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Istanbul Baths

Istanbul Baths

Today, women’s baths are still widespread. In addition to physical cleaning, domestic and foreign tourists visit Istanbul Baths to experience the traditional Turkish Bath culture.

The bath culture has survived from the Romans to the Ottoman times. Many Byzantine Bath remains are found in Anatolia and Istanbul. However, the number of baths built by the Palace members during the Ottoman Period and still being used today is not small.

Although the baths were built to be washed and cleaned, they were actually the center of socialization and beauty. In the Ottoman period, wealthy women and even sultans who had a bath in their home made it a custom to go to city baths. The reason for this is socialization beyond cleaning.

istanbul baths
istanbul baths


Hurrem Sultan Bath

In 1557, Kanuni Sultan Suleyman built it on behalf of his wife Hurrem Sultan. Mimar Sinan built the bath in Sultanahmet Square. The architecture and interior design of the 450-year-old bath are quite impressive. The female and male sections of the 2 domed bathhouse are symmetrically designed to each other. The navel stone is 42 degrees and the halvets are 48 degrees. Humidity rate is 100%.

Today, the Hurrem Sultan Bath, which is flooded by local and foreign tourists, offers four bath packages and three different massage options to customers. These are Zevk-i Sefa, Keyf-i Hamam, Pir-i Pak and Ab-i Hayat packages. The bath, where you will feel clean, peace and comfort, continues the Ottoman traditions and offers Ottoman sherbet, Turkish delight, tea, coffee, apricot, and walnut during rest. In fact, gold-plated hammam, clean ready-to-use loincloths and custom-made olive oil soaps are provided for guests.

Hurrem Sultan Hamam serves between 08.00 AM and 22.00 PM every day. It guarantees both body cleansing and the peace of purification in a fascinating atmosphere.

Cemberlitas Bath

Cemberlitas Bath is next to the Cemberlitas monument on Divanyolu in Cemberlitas. It was built by Nûrbânû Sultan. Although it is not mentioned in the records, it is thought to have been built by Mimar Sinan. It was planned as a double bath next to each other and the men’s and women’s section was separated in this way. The inside of the bath, which looks square on the outside, is divided into twelve columns and a polygon is designed.

Cemberlitas Bath, one of the oldest and most spectacular baths, continues to serve today. It is open every day between 7.30 and 24.00. In addition to the traditional Turkish bath, it is provided in services such as clay mask, reflexology, aromatherapy massage. In addition, the Bridal Bath service, which is one of the indispensable traditions of Turkish culture, is also provided.

It is a different pleasure to enjoy tea and coffee on the terrace after or before the hammam. Cemberlitas Hammam has intense interest in domestic and foreign tourists as well as female and male regulars.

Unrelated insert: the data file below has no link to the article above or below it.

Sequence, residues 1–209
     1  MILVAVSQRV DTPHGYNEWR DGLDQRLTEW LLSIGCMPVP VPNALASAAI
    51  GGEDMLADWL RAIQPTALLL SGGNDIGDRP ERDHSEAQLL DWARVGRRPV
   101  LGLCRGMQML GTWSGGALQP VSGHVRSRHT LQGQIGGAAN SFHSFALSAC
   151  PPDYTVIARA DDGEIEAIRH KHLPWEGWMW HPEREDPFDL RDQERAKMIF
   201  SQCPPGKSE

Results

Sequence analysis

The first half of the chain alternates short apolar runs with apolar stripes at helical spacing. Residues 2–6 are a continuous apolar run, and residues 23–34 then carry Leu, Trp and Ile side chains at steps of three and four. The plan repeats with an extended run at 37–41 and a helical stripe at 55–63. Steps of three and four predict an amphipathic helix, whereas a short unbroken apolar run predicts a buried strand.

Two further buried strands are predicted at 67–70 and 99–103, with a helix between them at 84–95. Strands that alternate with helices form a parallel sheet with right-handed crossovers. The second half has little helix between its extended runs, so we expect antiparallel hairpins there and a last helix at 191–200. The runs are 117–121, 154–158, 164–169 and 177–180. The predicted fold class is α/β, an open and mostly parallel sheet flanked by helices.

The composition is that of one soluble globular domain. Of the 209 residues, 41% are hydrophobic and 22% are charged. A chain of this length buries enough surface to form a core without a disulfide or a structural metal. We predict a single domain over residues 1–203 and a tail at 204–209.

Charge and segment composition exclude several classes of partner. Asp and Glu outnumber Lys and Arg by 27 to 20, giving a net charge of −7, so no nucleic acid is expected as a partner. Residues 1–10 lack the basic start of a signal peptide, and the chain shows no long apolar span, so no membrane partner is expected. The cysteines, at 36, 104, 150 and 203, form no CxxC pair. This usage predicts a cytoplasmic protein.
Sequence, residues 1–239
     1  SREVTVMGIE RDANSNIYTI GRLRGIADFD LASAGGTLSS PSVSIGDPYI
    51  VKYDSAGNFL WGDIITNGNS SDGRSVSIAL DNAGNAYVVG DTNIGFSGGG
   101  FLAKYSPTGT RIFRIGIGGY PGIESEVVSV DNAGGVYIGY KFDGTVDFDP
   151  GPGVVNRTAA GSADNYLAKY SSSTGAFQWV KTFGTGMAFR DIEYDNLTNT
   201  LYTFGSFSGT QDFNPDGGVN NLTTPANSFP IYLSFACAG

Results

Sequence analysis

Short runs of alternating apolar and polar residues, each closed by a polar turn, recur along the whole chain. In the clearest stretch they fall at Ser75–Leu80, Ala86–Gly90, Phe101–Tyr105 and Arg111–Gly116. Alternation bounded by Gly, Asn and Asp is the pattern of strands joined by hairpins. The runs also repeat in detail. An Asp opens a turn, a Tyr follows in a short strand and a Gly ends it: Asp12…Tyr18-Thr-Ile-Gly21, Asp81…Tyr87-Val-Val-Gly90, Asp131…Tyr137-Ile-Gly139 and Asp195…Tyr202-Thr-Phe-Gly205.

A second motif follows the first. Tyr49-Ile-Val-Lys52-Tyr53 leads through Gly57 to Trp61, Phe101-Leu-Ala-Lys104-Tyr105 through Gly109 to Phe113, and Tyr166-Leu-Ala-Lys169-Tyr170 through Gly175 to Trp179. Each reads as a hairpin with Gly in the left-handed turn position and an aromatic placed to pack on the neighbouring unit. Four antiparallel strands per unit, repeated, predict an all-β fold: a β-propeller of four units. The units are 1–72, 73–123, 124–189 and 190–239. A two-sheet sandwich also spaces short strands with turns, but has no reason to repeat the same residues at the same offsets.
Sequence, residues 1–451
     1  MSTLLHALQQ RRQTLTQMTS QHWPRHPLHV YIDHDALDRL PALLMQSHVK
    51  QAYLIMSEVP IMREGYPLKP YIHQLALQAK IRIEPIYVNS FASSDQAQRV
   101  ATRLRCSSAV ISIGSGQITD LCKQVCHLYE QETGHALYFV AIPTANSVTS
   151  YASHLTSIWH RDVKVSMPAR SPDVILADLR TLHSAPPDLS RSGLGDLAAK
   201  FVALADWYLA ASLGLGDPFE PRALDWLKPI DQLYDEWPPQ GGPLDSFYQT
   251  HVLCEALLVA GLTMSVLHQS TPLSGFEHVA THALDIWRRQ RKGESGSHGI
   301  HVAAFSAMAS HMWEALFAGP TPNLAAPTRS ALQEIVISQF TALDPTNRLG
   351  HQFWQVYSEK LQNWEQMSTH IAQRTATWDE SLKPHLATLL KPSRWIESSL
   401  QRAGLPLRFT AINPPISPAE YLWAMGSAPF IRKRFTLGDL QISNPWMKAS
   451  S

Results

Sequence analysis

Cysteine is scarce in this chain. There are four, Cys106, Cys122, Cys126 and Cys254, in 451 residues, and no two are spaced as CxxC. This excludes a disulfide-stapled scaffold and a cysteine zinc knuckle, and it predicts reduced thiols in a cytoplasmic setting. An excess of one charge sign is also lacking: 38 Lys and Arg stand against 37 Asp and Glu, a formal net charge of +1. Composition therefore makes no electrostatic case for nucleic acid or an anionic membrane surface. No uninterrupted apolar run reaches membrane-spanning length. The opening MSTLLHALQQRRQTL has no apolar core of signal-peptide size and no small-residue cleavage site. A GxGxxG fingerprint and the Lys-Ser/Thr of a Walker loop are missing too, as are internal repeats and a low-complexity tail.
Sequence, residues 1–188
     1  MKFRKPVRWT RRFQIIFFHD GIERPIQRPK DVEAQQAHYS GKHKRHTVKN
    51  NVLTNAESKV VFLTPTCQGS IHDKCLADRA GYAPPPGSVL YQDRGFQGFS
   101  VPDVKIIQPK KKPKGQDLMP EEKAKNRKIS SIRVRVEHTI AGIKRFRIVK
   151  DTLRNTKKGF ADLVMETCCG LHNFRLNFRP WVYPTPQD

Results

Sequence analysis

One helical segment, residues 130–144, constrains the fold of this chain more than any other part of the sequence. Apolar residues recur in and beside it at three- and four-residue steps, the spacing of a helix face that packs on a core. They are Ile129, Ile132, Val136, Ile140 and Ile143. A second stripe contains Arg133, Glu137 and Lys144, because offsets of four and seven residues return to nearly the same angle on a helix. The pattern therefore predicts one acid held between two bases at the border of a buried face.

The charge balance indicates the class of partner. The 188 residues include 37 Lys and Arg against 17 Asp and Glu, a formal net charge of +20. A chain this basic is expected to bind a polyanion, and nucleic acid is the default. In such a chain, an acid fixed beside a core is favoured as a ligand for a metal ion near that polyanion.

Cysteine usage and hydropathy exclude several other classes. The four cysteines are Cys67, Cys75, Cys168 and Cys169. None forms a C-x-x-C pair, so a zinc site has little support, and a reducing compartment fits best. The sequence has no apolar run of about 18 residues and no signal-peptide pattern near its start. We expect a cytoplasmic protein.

Galata Bath

The Galata Bath was built by Sultan Beyazit II in 1841. It is also called as Galatasaray Bath. It attracts the attention of local and foreign tourists with its architecture and location. Turnacibasi Street, where Istiklal Avenue meets Cukurcuma.

Many sultans, grand viziers, pashas and women of the Ottoman period used to go to the Galata Bath to bathe. Today, it is also possible to close baths for tourist groups, bridal bath groups. The traditional Turkish bath atmosphere, accompanied by a fasil or an oriental, provides its customers with an atmosphere.

For those who come to the daily bath voyage, they are provided with peeling, massage, aromatherapy, foam bath service.

It is open to service between 07.00 AM- 22.00 PM every day of the week.

Cagaloglu Turkish Bath

It is the biggest double bath in Istanbul baths. It was built in baroque style during the reign of Sultan Mahmut I. It was designed by Architect Suleyman Aga in 1740 and started to be built. However, it was completed by Architect Abdullah Aga. It is one of our Turkish baths, which is still open to use today and that makes the bath culture the best.

It has different features from classical Ottoman architecture. It is seated on the arches connecting the dressing with a large dome, a small dome and seven vaults of coldness and eight marble columns and is covered with a large dome. It has a huge and impressive atmosphere. It is the last bath built in the Ottoman period.

Today, it is one of the baths preferred by local and foreign tourists with its history, cleanliness and service quality. So much so that it was included in the ‘1000 Places to See Before You Die’ by the New York Times.

There is a cafe bar, restaurant, shoe shine and barber in the historical Cagaloglu Bath. It is open to service between 09.00 AM- 17.00 PM.

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